Cook County Assessor Raises Valuations of Commercial, Industrial and Multi-Family Properties Substantially More Than Residential Properties
2022 marks the triennial assessment year for all of the north and northwestern townships of Cook County. Through the first nine reassessment townships, Assessor Fritz Kaegi continues to increase assessments for commercial, industrial and multi-family residential properties at much higher rates than residential property owners. This trend began during Assessor Kaegi’s first reassessment in 2019 and continues through 2022.
According to a Crain’s Chicago Business, in an article entitled, “Kaegi Targets Commercial Property Again (September 19, 2022)”, it was reported that the total assessed value of all non-residential properties increased 43.41% for commercial, industrial and multi-tenant properties, while homeowners only experienced a 32.4% assessment increase. This assessment increase for non-residential assessment increases was lower in 2022 than it was during Kaegi’s first three triennial re-assessment years (2019-2021) in which increases in assessments amounted to 77% for non-residential properties.
These substantial assessment increases means that a larger portion of the tax burden will be placed onto landlords of commercial/industrial/multi-family properties and away from homeowners. As a result of the Assessor’s actions, real estate investors and developers are hesitant to invest in Cook County because of this uncertainty in the commercial real estate market’s exposure to soaring real estate tax obligations as compared to years preceding Fritz Kaegi’s arrival on the scene as Cook County’s Assessor.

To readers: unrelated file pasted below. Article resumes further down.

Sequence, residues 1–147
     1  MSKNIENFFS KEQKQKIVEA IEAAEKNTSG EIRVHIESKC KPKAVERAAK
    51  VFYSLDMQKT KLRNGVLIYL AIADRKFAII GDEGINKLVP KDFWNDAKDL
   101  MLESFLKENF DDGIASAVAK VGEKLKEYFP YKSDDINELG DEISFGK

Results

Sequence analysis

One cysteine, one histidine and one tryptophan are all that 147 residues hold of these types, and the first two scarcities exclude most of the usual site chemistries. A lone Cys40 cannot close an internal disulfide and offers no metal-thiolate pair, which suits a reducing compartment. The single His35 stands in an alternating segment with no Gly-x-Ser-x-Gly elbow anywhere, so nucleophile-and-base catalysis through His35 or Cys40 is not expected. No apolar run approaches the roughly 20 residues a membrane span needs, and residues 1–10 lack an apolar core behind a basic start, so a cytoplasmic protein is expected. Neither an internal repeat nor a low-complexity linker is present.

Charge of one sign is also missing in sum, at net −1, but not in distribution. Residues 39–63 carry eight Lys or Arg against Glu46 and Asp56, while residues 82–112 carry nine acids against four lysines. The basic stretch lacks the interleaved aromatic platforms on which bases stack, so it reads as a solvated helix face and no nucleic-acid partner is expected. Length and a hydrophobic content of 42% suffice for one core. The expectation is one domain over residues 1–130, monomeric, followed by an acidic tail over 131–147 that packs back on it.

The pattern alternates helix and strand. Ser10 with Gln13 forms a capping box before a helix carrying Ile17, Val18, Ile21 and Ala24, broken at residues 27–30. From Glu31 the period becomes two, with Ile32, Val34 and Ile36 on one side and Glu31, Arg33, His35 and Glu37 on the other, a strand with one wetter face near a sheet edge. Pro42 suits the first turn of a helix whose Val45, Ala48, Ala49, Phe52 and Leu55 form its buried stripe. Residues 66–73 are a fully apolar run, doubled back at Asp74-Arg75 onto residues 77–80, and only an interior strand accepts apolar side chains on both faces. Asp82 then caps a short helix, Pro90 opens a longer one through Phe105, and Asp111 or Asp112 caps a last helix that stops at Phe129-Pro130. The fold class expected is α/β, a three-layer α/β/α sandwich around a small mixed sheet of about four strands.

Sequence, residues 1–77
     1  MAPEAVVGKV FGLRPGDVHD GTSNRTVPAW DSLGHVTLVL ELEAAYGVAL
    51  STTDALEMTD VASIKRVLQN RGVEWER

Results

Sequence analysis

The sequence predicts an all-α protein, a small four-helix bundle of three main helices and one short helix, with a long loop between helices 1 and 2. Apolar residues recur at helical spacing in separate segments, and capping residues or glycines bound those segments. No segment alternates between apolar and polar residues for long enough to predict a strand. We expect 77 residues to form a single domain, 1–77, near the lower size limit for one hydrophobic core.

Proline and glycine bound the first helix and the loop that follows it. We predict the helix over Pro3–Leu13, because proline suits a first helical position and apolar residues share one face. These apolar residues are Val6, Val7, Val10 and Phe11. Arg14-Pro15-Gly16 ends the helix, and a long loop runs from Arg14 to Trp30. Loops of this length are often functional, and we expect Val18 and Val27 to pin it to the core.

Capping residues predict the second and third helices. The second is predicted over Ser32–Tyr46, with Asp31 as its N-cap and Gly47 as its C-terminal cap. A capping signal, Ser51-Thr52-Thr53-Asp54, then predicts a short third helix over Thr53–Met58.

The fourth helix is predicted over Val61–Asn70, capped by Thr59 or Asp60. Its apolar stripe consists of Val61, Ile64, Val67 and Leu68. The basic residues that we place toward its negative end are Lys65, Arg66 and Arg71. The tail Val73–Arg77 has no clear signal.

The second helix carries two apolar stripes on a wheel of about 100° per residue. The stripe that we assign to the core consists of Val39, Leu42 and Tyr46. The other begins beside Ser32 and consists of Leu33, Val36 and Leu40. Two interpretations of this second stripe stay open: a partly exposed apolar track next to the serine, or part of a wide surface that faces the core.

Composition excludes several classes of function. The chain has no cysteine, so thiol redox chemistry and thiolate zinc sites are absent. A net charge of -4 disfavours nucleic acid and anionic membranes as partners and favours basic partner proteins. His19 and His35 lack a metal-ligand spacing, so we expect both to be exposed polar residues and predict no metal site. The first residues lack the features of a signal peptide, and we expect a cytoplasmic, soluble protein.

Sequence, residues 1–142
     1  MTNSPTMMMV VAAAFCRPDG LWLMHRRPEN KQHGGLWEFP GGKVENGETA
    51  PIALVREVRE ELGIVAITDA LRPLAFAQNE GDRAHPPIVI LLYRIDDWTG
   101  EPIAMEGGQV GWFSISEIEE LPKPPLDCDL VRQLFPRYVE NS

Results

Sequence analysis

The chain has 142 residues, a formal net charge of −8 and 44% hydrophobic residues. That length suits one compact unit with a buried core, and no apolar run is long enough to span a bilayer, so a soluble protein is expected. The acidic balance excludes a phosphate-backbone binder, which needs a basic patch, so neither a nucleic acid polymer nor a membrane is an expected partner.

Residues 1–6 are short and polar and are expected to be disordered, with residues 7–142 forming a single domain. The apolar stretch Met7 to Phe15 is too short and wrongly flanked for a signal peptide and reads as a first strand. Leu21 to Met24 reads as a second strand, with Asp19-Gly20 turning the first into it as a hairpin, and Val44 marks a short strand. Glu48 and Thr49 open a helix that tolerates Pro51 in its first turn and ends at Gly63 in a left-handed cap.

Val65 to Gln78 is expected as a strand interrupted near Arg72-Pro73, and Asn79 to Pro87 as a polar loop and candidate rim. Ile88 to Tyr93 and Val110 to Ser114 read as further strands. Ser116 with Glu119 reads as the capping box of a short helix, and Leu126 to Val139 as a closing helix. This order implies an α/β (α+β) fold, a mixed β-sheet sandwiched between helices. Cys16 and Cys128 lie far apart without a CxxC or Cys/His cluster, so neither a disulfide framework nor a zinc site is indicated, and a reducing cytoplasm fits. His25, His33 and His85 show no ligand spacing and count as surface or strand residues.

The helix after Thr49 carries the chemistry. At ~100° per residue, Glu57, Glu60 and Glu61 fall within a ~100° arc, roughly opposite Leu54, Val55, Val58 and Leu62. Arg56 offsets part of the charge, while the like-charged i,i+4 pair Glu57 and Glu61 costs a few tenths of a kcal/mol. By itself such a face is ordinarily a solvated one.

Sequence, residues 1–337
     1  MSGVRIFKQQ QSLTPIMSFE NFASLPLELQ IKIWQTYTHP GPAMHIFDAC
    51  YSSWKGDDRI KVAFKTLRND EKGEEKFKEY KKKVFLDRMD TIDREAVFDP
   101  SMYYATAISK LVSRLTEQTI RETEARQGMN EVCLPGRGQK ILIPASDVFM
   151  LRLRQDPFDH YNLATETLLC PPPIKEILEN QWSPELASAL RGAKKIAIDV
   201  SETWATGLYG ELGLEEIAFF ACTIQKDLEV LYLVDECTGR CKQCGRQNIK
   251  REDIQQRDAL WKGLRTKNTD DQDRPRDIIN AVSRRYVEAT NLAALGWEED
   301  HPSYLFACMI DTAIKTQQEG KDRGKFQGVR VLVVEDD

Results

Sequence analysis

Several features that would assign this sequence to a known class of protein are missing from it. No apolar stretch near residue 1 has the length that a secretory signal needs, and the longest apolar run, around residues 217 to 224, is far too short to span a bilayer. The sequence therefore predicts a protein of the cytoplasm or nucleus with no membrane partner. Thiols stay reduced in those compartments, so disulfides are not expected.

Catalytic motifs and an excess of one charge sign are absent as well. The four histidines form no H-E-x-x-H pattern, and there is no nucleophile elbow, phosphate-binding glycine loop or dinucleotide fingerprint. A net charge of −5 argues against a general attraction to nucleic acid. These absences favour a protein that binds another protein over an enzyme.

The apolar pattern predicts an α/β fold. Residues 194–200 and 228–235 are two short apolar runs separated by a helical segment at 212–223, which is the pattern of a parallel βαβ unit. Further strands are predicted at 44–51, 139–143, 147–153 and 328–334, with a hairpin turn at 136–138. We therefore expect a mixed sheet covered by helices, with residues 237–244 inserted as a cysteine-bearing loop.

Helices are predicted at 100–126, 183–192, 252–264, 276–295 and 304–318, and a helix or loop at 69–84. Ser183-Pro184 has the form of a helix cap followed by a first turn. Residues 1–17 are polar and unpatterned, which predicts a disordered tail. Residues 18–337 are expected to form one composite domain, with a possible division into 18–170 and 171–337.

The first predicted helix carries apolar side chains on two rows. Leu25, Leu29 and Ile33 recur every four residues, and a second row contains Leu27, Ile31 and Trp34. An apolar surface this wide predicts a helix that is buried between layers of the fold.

Apartment building developer, Tony Rossi, President of Itasca-based M&R Development stated that “I’d rather step over into DuPage County. The market is just as good, and there’s more predictability on real estate taxes.” (p. 37). Also, S&P CoreLogic’s Case-Schiller home price index for the Chicago area has increased 28% since the beginning of 2020. However, Assessor Kaegi’s office reduced all residential properties in April, 2020 by 8%-12% because of what he anticipated would be depressions of home values due to the Covid-19 pandemic. In fact, quite the opposite occurred in many Cook County townships as the residential market appreciated in 2020 and 2021; in part due to low interest rates, and secondarily because apartment renters and owners of smaller homes were seeking additional space for workers who, because of the pandemic, needed a dedicated home-office and outdoor space for their children who stayed home for “Zoom” school.
In addition, due to the substantial increases in assessments for many property owners, the higher assessments meant that many property owners felt compelled to file assessment appeals with both the Assessor’s Office and the Cook County Board of Review (the first and second levels of three potential venues to hear property tax appeals in Illinois). Historically, that process would begin and end between February and September. However, in 2021, the Assessor’s appeal process did not begin until April and did not finish until December, delaying the Board of Review’s work by more than 4 months. Thus, the second installment 2021 tax bills will be delayed until sometime in December, 2022, or more than 4 months late from their typical issuance in July for August 1st payment.